In a new genre of criminal justice programming, incarcerated people are the creators
Yesterday, the hit podcast “Ear Hustle” began its third season. “Ear Hustle” can be seen as one of a new genre of criminal justice programming, one that goes beyond the lock-em-up retributivism of the “Law & Order” shows as well as the prison voyeurism of shows like “Prison Break” which might involve formerly incarcerated people as consultants, but often play to stereotypes. In this new genre, people directly affected by the criminal justice system share their insights, not only as characters or interviewees, but as creators. “Ear Hustle” is created by Earlonne Woods and Antwan Williams, two men incarcerated in San Quentin, with Nigel Poor, a visual artist. The show tries to get at “a more three-dimensional view of prison,” according to Poor. [ely kalfus / Crime Report] Today we include three short excerpts from excellent stories of life inside, edited for clarity and brevity.
In the first episode of “Ear Hustle,” which focused on the ups and downs of having a cellmate, two brothers named Emile and Eddie, incarcerated at San Quentin, told their story:
Emile: I’m in there with my brother, and I’m thinking to myself, “We’re brothers. We should live together. We should cell up.” Right? In an environment where nothing is safe, it’s like, “Hey, what could be better and safer than that?” So, he moves into my cell.
Eddie: I was happy. To be able to just exhale for a moment in prison.
Emile: The first few nights were great and then it wasn’t.
Eddie: I didn’t really know my brother like I thought I did.
Emile: He’s still Seventh Day Adventist. And he’s devout. So, the Sabbath, you’re not supposed to watch television, but I watch television. So, he asked me to use my headphones. Which, in theory, wasn’t a horrible request, but my headphones are like 3 feet long, and the space between my bunk and my television is like 3 1/2 feet. “Man, I’m not going to do that.”
Eddie: He was watching soap operas and soap operas was like a trigger for me because I remember hearing “The Young and Restless” tune and there’d be straight violence in the household.
Emile: I didn’t really understand what he was going through. I thought like he was just trying to convert me. I’m a grown man and this is my television. And he turns my television off. I turn the television back on. I’m like, “Have you lost your mind?” So he declares a passive aggressive war on me, and he stopped showering.
Eddie: They say the aluminum in the antiperspirant deodorants and stuff will cause memory loss or Alzheimer’s when you get older, and I was like, “Why would I poison myself like that?”
Emile: He wants to “be natural” and “it’s just a natural smell” and “what’s the big deal.” It’s a big deal. Let me tell you.
They would squabble so much that a neighbor began yelling, “Fratricide!” Eventually, they asked to be moved to different cells because, according to Emile, “living with someone in an apartment is difficult enough, but living with someone in a box, you have to be compatible in a lot of different ways and me and Eddie aren’t compatible.” They get along far better now that they don’t share a cell. [Ear Hustle]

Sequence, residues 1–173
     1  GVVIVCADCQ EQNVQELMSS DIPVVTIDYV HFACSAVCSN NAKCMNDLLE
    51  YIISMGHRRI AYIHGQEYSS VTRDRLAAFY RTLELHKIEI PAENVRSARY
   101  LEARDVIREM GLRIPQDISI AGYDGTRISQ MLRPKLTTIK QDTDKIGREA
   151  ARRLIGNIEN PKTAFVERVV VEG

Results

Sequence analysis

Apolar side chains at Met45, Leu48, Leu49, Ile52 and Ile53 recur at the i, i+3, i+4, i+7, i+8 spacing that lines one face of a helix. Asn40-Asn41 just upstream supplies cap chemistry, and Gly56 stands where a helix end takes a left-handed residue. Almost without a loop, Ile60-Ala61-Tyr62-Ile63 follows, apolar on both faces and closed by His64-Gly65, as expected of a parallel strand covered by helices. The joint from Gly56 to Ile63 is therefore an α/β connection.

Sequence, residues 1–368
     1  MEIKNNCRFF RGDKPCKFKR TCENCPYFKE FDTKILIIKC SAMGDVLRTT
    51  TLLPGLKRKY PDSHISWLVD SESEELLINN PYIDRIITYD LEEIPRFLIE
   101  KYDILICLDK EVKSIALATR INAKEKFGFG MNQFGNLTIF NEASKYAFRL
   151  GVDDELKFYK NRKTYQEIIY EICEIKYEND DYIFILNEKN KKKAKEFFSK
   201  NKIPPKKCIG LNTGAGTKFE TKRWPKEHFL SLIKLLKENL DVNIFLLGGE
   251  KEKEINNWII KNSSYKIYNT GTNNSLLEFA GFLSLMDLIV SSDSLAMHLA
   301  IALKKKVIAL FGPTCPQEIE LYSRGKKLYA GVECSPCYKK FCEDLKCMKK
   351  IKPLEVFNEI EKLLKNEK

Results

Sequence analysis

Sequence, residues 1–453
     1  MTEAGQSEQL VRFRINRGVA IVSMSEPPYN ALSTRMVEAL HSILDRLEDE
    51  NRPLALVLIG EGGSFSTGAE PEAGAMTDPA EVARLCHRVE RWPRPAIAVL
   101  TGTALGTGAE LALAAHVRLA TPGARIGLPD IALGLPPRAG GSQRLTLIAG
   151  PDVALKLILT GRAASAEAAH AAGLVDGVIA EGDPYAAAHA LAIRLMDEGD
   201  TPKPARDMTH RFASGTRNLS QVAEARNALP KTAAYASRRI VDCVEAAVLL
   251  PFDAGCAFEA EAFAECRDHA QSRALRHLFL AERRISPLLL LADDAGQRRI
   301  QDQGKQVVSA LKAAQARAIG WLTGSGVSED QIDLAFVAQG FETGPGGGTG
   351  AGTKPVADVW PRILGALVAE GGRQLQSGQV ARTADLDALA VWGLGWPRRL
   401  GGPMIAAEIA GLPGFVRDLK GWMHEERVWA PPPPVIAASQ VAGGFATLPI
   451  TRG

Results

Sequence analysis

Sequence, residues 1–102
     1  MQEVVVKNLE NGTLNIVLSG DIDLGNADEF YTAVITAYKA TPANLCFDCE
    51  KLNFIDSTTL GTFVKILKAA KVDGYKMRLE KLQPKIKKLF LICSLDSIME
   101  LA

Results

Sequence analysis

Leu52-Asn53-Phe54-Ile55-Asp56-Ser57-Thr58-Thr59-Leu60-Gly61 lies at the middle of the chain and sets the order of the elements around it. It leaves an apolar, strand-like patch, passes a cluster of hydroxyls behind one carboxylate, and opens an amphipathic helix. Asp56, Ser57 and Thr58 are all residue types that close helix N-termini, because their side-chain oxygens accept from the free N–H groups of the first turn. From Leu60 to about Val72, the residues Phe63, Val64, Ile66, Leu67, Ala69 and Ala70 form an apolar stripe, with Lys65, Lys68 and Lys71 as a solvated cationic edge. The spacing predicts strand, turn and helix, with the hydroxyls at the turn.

For the Marshall Project’s “Life Inside” series, Jerry Metcalf described a day in his life at a Michigan facility. We feature here the first half of that day. “At 1:30 a.m., I’m jarred awake in my cell by an officer wielding the brightest flashlight in the world. He gives me 10 minutes to throw on some clothes and escorts me to the isolation cells, where I strip down again for a thorough search and begin a three-hour suicide watch. This is my prison job: to sit with inmates deemed suicidal and just talk with them, and make sure they don’t try anything. Shift over, I’m strip-searched again and escorted back to my housing unit, where I take a quick shower, stretch, meditate, pray, then climb back under my itchy wool blanket and hit the sack around 6 a.m. I wake up at 10, thanks to all the hooting and hollering outside my cell. I then hike down the Rock (our term for the cell block) to the communal bathroom I share with 48 other inmates, [and] brush my teeth between four young kids who are rapping. I jog over to our unit’s kitchen area, where I wait in line to use one of two microwaves shared by 96 convicts. Luckily, I’m able to heat up my coffee before I hear, ‘Five minutes til count time, people! Be on your bunks and be visible!’” [Jerry Metcalf / Marshall Project]
Reporter Keri Blakinger has published reflections on her time incarcerated. “Makeup wasn’t just a beauty ritual; it was one of the few remaining outlets of self-expression we had. [E]ach hard-won stroke of makeup was a painted symbol of rebellion.” She includes instructions for jailhouse mascara:
Step one: Break apart a black pen and pour the ink into a bowl.
Step two: Mix in toothpaste.
Step three: Spread this minty fresh mess onto your eyelashes by whatever means possible.
Step four: Remember this is not waterproof and, whatever you do, do not cry all day. (Yes, the no-crying dictum can be a major stumbling block in jail, especially on visitation days.)
“It sometimes looks like circus makeup,” she writes. “But we didn’t really care. Because makeup wasn’t just about appearances—especially in the places where it was banned. It might have looked like a mishap to everyone else, but to us it looked an awful lot like a middle finger.” [Keri Blakinger / Houston Chronicle]